The Privacy Rule defines Protected Health Information and how CEs and business associates need to protect it from loss, theft, and unauthorized disclosure. It also explains patients´ rights and the Minimum Necessary Standard which limits how much information can be disclosed by employees.
The technical, administrative, and physical safeguards of the Security Rule will impact every employee´s day-to-day routines and this module of HIPAA training should be used as an introduction to more advanced modules in the suggested comprehensive training curriculum.
Although patients´ rights may have already been mentioned in the Privacy Rule module, it may be necessary for frontline healthcare and administration employees to undergo specific training on what providing patients with Privacy Notices and handling patient requests.
The HIPAA disclosure rules apply to all employees in whatever function they perform. Ideally, this module should be presented at the same time as the Privacy and Security Rule modules to deepen employee understanding of allowable disclosures and the Minimum Necessary Standard.
HIPAA violations can have consequences for patients, organizations, and employees. To make this module more relevant for trainees, this is a good opportunity to introduce and explain the organization´s sanction policy and how employees may be impacted by violations of HIPAA.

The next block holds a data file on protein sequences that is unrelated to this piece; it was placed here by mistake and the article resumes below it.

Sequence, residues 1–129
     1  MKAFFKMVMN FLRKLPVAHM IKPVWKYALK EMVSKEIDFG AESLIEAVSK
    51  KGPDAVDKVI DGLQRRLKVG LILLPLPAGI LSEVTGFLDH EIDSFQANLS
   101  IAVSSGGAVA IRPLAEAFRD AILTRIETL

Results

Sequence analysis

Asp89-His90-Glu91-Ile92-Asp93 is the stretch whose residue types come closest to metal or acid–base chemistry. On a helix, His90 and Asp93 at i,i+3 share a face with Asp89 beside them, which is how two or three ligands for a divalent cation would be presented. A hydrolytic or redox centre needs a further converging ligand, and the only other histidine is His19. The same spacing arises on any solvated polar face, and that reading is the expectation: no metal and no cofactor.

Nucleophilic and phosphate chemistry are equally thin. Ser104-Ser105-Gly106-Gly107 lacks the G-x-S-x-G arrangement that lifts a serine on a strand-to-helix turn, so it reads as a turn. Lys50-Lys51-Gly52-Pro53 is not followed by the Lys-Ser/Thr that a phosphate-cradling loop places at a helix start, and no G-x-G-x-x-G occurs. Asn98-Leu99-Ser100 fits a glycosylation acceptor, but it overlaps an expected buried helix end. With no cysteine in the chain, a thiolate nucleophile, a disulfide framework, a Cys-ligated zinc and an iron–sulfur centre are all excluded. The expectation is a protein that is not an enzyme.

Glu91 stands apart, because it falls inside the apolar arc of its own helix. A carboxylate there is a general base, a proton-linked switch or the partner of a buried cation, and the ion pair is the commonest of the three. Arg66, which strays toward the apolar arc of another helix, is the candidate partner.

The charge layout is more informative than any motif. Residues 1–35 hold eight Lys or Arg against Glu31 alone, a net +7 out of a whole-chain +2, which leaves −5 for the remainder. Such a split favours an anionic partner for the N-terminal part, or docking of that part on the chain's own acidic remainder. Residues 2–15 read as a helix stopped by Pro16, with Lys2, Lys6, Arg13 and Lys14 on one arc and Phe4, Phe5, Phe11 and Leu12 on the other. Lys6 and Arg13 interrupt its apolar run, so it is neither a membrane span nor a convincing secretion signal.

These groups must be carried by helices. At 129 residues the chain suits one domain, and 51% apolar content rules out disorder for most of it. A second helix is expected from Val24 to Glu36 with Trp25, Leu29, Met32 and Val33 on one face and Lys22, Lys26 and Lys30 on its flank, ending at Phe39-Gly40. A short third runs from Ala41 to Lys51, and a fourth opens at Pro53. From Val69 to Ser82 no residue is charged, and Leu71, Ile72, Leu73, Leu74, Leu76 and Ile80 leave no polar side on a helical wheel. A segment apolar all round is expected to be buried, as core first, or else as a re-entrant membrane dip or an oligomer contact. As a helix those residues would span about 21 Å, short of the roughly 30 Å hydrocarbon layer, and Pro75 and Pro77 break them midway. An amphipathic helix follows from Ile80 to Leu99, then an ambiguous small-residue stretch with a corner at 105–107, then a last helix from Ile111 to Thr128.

As part of a basic HIPAA training course or refresher course, this module should be used as an overview of compliance best practices. Ideally, the module on preventing HIPAA violations should be tailored to specific groups of the workforce to be more relevant to their roles.
An appropriate refresher module, training on being a HIPAA compliant employee can summarize what has been discussed previously, include general do´s and don´ts, or focus on specific roles. This module can also be used to explain the procedure for reporting HIPAA violations.
The basic HIPAA training course provides employees with the fundamentals of HIPAA, but more comprehensive training is often necessary for employees to apply the fundamentals in real-life situations. The following curriculum can be tailored according to employees´ roles and refreshed to meet the HIPAA training requirements whenever “functions are affected by a material change”.
This module can help employees better understand the objectives of HIPAA by providing a timeline to HIPAA and the timing of the main HIPAA regulatory rules were introduced. The module should be updated annually to reflect changes to HIPAA and emerging compliance challenges.
This comprehensive module should explains both the online threats to patient data and physical threats such as failing to safeguard hard copies of patient data, leaving mobile devices unattended, and positioning workstations in public view.
Organizations should have policies and procedures in place to govern how computers should be used. Employees need to be made aware of these policies and procedures – even the policies and procedures that are not directly relevant to HIPAA – i.e., personal use.